Another strength of the program is that, with cost-effectiveness in mind, we tried to develop it taking into account the school's capabilities, so we mostly used existing and easily accessible tools (e.g., blackboard, computer, projector, websites, and telephone applications) during the intervention. The intervention sessions were carried out taking into consideration the specifics of each class (e.g., prior knowledge, ability), which promoted equal opportunities to acquire knowledge, favorable attitudes, and health behavior. Further, students were able to access useful websites and telephone applications that provided reliable information learned and practiced during the sessions, regardless of space, people, or time outside of school, thus providing safe guidance for developing appropriate health behaviors. Given the elements of the program that have taken place, we can assume that, with the coordination of a public health professional or trained teachers, our program can be used in other schools based on the capabilities of each school and its students. However, when planning and implementing a school health education program, it is necessary to consider the prior knowledge, abilities, and skills of the target group together with their needs and shape the planned course accordingly. But it is also important to take into consideration the possibilities and the characteristics of the setting.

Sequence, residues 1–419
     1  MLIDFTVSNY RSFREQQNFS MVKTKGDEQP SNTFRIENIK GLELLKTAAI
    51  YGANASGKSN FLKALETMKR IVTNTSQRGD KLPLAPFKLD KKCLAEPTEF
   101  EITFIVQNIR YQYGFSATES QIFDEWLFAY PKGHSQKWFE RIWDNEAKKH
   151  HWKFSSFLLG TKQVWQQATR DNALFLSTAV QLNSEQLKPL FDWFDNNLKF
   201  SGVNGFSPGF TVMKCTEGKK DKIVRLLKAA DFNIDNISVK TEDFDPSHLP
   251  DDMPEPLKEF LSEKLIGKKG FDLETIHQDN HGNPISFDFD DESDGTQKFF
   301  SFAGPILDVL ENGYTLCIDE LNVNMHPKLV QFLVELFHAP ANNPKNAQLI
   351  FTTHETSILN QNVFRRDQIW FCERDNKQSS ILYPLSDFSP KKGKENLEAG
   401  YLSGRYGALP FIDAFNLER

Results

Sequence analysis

On the negative side, the necessary data cleaning process due to the nature of the individual follow-up reduced the size of the already relatively small sample, which limited the study's statistical power.